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Raiders in Kashmir on October 22, 1947 violated Jammu and Kashmir; global protests held against Pakistan


New Delhi: The Centre organised several events in Jammu and Kashmir and Delhi to observe October 22 as a Black Day to mark Pakistan’s invasion of Kashmir in 1947. On this day, two months after India’s partition, the Pakistan-based militia had attacked Baramulla and killed thousands of men, women, and children. 

The events organised today sought to remind the world how Pakistan tried to create unrest in the region. This has led to continuous conflict, violence, and terror activities in Kashmir

It may be noted that global protests took place on Thursday (October 22) against Pakistan’s atrocities in Kashmir. Such protests were witnessed in Nepal, The Haque, Japan, Seoul, London, Brussels, Geneva, San Francisco, along with a car rally in Washington.

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In his book-Raiders in Kashmir, Pakistani General Akbar Khan narrated his country’s role in the Kashmir conflict. The book states that Pakistan’s strategy was to bleed India through guerilla and sabotage action in Jammu and Kashmir.

As part of Operation Gulmarg, Pakistan unleashed its tribal militia on Jammu and Kashmir on October 22, 1947.

New York Times journalist Robert Trumbull wrote, “Baramulla had been stripped of its wealth and young women before the tribesmen fled in face of the advancing Indian troops. Surviving residents estimated that 3,000 of their fellow townsmen, including four Europeans and a retired British Army Officer, Colonel Dykes, and his pregnant wife, were slain,” narrating the incident.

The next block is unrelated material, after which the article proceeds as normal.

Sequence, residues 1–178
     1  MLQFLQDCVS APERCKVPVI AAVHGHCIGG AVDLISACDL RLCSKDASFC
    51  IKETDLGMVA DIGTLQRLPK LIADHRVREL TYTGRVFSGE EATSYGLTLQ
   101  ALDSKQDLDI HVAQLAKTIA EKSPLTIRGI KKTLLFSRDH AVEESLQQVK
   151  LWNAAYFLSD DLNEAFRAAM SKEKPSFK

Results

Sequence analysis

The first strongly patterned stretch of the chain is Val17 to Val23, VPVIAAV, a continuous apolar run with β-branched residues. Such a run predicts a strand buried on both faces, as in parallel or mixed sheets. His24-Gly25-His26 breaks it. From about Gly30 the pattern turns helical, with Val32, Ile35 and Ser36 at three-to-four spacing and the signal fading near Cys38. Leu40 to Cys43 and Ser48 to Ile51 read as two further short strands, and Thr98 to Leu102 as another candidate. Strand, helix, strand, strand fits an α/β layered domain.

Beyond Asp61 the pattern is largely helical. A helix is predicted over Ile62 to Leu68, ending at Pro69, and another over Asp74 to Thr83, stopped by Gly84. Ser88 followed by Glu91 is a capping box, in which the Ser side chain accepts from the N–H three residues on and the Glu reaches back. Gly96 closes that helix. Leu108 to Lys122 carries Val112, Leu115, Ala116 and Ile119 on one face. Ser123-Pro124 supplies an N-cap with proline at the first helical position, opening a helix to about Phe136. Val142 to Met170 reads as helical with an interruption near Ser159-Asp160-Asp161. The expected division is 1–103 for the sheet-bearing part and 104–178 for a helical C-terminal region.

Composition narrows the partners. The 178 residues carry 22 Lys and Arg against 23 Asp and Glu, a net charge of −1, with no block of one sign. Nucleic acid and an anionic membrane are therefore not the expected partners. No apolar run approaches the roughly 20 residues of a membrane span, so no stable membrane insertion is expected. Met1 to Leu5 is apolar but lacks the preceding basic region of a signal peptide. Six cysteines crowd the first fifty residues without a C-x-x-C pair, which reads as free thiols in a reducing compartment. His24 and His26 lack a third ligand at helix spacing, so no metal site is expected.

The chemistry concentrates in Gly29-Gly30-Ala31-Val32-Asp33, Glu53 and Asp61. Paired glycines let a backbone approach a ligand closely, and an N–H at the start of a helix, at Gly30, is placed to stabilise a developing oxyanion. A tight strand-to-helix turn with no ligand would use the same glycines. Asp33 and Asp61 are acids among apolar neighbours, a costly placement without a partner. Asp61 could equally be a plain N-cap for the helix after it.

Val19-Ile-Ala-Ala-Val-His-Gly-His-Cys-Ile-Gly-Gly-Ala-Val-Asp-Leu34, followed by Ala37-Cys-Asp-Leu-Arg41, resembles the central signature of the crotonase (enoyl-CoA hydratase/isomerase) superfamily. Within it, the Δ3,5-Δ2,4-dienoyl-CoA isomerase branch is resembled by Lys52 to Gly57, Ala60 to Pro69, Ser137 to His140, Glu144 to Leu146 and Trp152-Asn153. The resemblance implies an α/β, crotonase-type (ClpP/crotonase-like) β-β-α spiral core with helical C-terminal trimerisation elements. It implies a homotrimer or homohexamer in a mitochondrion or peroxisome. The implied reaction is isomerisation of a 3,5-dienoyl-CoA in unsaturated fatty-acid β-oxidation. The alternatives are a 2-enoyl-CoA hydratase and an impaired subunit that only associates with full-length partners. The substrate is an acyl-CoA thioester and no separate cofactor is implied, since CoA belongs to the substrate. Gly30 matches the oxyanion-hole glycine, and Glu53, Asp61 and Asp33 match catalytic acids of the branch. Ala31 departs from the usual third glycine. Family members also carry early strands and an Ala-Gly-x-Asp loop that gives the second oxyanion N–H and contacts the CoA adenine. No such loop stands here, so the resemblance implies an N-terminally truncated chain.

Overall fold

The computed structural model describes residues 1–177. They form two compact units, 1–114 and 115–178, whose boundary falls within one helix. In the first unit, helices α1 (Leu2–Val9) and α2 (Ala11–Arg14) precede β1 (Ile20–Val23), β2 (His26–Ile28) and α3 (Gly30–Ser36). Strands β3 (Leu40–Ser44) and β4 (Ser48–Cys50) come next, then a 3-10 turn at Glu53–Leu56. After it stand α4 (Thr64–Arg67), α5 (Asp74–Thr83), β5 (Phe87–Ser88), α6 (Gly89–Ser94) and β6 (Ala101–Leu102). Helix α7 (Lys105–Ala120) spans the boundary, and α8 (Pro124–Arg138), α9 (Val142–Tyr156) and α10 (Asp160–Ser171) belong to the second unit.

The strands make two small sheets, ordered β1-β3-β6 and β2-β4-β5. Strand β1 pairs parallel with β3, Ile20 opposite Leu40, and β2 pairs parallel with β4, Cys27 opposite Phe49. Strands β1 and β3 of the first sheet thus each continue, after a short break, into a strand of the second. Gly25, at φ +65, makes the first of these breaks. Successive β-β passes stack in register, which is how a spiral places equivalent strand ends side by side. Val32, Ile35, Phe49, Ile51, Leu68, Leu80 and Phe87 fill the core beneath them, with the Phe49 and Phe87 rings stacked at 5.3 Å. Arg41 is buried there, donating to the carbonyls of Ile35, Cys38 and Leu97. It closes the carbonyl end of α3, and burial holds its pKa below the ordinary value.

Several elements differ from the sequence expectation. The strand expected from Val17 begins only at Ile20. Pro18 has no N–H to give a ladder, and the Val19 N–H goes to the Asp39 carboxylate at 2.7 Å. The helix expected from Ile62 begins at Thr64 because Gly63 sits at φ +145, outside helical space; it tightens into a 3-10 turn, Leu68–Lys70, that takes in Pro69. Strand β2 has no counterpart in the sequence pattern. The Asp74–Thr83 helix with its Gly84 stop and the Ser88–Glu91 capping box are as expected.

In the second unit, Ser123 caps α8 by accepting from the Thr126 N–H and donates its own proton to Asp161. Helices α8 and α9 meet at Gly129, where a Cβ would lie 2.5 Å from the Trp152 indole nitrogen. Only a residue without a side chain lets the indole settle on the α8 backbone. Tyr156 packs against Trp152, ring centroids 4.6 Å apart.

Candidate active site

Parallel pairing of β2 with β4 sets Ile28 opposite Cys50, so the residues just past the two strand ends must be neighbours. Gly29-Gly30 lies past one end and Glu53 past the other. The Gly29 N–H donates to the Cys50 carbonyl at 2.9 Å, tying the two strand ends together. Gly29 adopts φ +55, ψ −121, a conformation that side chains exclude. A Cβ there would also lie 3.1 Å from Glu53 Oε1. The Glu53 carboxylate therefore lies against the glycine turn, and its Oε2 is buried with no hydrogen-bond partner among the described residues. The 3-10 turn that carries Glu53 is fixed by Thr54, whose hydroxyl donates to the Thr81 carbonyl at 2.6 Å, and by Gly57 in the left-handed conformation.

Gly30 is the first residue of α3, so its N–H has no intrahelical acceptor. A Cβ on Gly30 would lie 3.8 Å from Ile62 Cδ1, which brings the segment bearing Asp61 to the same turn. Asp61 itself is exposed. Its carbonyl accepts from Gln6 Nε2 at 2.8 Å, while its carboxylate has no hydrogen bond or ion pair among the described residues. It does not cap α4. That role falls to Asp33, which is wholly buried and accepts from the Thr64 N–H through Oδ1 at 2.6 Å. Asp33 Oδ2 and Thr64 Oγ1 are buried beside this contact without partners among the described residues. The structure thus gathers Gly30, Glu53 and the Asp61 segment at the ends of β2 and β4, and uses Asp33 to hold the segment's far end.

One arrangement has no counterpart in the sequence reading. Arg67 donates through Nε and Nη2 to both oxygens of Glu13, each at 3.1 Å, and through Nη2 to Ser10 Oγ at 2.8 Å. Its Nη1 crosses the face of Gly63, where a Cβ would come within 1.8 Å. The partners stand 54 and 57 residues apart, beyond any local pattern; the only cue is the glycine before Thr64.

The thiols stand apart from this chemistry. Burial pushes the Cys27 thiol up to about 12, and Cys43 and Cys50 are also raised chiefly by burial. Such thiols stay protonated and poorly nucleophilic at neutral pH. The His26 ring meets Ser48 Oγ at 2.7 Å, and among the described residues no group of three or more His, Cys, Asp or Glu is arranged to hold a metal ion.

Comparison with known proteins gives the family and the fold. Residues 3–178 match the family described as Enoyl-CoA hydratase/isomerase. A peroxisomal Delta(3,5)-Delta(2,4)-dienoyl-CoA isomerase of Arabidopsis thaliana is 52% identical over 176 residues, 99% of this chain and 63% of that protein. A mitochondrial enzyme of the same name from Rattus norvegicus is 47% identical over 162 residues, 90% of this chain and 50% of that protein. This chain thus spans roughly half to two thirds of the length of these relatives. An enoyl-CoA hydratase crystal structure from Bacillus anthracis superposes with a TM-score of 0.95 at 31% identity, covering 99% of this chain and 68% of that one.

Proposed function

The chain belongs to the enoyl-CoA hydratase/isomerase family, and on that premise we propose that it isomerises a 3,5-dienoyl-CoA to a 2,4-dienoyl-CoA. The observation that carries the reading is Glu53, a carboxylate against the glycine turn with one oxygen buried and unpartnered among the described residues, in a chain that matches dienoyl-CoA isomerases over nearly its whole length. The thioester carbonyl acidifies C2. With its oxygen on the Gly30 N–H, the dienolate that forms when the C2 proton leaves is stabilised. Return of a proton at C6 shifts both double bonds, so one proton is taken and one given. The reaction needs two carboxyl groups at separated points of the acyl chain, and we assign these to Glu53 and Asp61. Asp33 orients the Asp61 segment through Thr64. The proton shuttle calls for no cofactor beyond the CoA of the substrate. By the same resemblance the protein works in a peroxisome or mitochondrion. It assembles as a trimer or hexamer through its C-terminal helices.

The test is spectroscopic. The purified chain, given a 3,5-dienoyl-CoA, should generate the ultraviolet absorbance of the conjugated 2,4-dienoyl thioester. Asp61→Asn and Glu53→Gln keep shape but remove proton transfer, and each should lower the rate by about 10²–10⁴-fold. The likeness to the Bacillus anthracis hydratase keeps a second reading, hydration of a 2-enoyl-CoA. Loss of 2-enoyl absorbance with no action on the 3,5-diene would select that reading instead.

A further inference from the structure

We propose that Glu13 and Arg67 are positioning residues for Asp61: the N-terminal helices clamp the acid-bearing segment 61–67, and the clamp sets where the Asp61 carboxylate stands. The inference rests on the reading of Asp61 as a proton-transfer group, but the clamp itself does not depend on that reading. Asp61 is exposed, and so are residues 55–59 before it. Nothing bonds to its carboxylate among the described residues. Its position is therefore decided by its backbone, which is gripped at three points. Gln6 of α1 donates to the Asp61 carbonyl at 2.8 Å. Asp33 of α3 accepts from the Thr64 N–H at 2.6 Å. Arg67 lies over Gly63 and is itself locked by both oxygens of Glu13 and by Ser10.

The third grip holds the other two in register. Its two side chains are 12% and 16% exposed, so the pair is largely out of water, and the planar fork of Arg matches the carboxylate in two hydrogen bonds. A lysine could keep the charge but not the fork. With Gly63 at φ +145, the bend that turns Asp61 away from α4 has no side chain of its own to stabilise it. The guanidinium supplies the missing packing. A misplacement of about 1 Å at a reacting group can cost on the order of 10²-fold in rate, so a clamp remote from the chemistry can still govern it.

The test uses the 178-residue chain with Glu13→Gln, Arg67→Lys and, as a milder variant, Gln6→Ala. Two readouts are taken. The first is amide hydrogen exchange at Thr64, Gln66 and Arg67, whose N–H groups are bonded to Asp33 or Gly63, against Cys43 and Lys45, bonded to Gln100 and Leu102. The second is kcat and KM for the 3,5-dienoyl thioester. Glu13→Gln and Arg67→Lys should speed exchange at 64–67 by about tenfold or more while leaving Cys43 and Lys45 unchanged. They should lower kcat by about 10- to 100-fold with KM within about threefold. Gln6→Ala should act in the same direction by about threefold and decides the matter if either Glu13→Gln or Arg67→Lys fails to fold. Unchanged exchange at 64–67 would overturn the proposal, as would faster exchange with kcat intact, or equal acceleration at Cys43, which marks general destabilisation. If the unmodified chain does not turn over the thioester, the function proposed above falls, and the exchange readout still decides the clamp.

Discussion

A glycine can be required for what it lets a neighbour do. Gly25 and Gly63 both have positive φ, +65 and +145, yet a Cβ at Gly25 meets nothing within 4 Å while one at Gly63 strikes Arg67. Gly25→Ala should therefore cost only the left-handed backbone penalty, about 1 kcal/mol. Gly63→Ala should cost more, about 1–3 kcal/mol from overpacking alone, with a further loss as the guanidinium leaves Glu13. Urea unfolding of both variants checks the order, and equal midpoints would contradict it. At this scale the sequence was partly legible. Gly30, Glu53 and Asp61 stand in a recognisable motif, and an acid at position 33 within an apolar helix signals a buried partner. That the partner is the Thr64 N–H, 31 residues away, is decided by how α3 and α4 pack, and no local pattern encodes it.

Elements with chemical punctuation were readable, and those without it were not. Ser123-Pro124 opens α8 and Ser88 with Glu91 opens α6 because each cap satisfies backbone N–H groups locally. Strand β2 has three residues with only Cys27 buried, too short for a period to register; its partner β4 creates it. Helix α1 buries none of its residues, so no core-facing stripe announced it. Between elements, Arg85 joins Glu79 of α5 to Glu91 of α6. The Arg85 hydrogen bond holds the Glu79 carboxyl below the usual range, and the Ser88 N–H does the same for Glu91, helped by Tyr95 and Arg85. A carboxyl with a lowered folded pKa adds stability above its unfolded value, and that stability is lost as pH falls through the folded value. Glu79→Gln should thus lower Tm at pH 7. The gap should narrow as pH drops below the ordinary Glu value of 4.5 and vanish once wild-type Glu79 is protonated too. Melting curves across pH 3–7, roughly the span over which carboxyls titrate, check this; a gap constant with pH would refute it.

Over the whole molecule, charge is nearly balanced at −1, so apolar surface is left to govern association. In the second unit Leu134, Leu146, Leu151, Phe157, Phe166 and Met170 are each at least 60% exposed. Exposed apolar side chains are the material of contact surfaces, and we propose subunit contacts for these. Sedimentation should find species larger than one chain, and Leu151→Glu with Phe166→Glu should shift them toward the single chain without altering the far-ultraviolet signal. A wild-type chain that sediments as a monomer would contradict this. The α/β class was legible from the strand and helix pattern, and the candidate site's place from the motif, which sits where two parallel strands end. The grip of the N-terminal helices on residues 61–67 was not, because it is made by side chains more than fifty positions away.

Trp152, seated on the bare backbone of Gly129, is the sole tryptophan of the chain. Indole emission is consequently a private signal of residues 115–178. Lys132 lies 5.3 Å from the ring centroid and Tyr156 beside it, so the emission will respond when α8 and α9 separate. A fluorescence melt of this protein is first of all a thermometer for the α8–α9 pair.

When the Indian Army reached Baramulla, only 1,000 people were left alive in the village which had a population of about 14,000. The Pakistan-based militia was on their way to Srinagar, burning villages, looting, pillaging, and raping women.

According to the available records, the raiders did not touch Muslims, but looted Hindus and burnt the houses of Sikhs, and killed them. This widespread arson and loot in Baramulla compelled Sikhs and Hindus to escape. 

The raiders, mostly tribesmen with a few Punjabi Muslims, were led by Pirs, Pakistan Army, and Frontier Constabulary officers. 

This first Indo-Pakistan war over Kashmir was a limited affair with Islamabad, but it sowed the seeds of continuous war between the two South Asian neighbours.





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